Final headcount of 7,932 tops total spring '03 enrollment by 1,445
HAYS, KS -- Enrollments at Fort Hays State University are setting so many records it can make your head swim trying to keep track. Now another.
After setting an all-time 20th-day spring enrollment of 7,158 back in February, the university's total enrollment for spring 2004, counting supplemental, was a huge 7,932, a 22.3-percent increase over spring 2003, which itself set all-time records for both 20th-day and total enrollments for a spring semester at, respectively, headcounts of 5,854 and 6,487.
Spring '04's final number is also the second-highest enrollment ever, spring or fall, exceeded only by the 8,037 final headcount -- 20th-day plus supplemental -- of the fall 2003 semester.
FHSU President Edward H. Hammond, announcing the final spring enrollment numbers today, again cited the university's "Affordable Success" strategy as the primary reason for another in a string of semesters with record enrollment.
"At Fort Hays State we offer a quality education at an affordable cost," said Hammond. "A very high quality faculty committed to their profession is the foundation of our success. In a time of economic uncertainty and change, students need that kind of educational opportunity more than ever."
"We have outstanding teachers at Fort Hays State," said Hammond, "and our goal has always been to keep access to them affordable. The enrollment numbers tell us that we are succeeding."
The 20th day of classes is the first official enrollment day observed by the Kansas Board of Regents for each of its six universities because it affords a standard basis for comparison, but President Hammond has consistently pointed out in recent years that the changing face of higher education makes the official 20th-day headcount numbers less and less relevant at FHSU, which is a leader in distance education.
For the semester just ended, the final count shows a supplemental enrollment of 774, which was an increase of 141, also 22.3 percent, from spring 2003, even though some of the enrollments from FHSU's partnerships with three universities in China arrived earlier this year, allowing them to be counted in the 20th-day numbers.
FHSU's Virtual College delivers courses from the university's College of Business and Leadership, College of Education and Technology, College of Health and Life Sciences, and College of Arts and Sciences over the Internet, on videotape and by other means throughout Kansas and around the world, not only to its affiliated universities in China but also to U.S. service men and women and many others.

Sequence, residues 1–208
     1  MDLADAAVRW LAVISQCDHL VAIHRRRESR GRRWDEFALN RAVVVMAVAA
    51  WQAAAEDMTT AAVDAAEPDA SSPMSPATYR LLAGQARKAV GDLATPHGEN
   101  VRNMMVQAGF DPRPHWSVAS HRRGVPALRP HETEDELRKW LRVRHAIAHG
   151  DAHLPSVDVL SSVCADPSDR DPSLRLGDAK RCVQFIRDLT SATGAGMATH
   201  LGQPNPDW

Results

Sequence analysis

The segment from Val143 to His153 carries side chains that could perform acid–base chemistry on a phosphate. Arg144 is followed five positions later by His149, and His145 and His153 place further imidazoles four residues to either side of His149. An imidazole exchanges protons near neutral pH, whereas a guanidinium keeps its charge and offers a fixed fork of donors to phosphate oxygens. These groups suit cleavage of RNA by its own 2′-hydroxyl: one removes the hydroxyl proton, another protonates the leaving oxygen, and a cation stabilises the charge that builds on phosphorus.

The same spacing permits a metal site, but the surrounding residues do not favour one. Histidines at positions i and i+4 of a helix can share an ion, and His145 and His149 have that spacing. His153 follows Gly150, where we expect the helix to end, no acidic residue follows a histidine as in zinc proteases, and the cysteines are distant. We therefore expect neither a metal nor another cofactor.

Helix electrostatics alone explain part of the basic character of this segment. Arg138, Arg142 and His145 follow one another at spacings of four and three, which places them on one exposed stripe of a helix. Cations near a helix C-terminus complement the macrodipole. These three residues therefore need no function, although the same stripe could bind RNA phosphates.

For spring '04, the counts break down to an on-campus headcount of 4,408 and a Virtual College headcount of 3,524. The official 20th-day headcount for the Virtual College was 2,803. Of the total supplemental enrollment of 774, on and off campus, 721 was in the Virtual College.
The 20th-day number for the Virtual College was a 69.5-percent increase over spring 2003, when 20th-day enrollment was 1,654.
The Virtual College headcount exceeded on-campus headcount in two areas, freshmen, with 1,424 taking 9,121 credit hours of classes, compared to 895 taking 11,463 credit hours on campus, and graduate students, with 1,137 in the Virtual College versus 570 on campus.
The Graduate School total, 20th-day plus a supplemental of 192, was 1,707, which is an increase of 12.1 percent over spring 2003's 1,587. That was the same percentage increase in the Graduate School's 20th-day enrollment from spring 2003 to spring 2004, from 1,352 to 1,515.
Joey Linn, FHSU registrar and assistant vice president for student affairs, said that, in addition to the university's program of "Affordable Success," a lot of credit for the enrollment increases goes to the faculty and to people in offices and departments across campus.
"Our faculty help with recruiting and they work with students in and out of the classroom," he said. "And a lot of people in every area of the university, faculty and staff, work hard to make prospective students aware of the wonderful educational opportunities available at the university."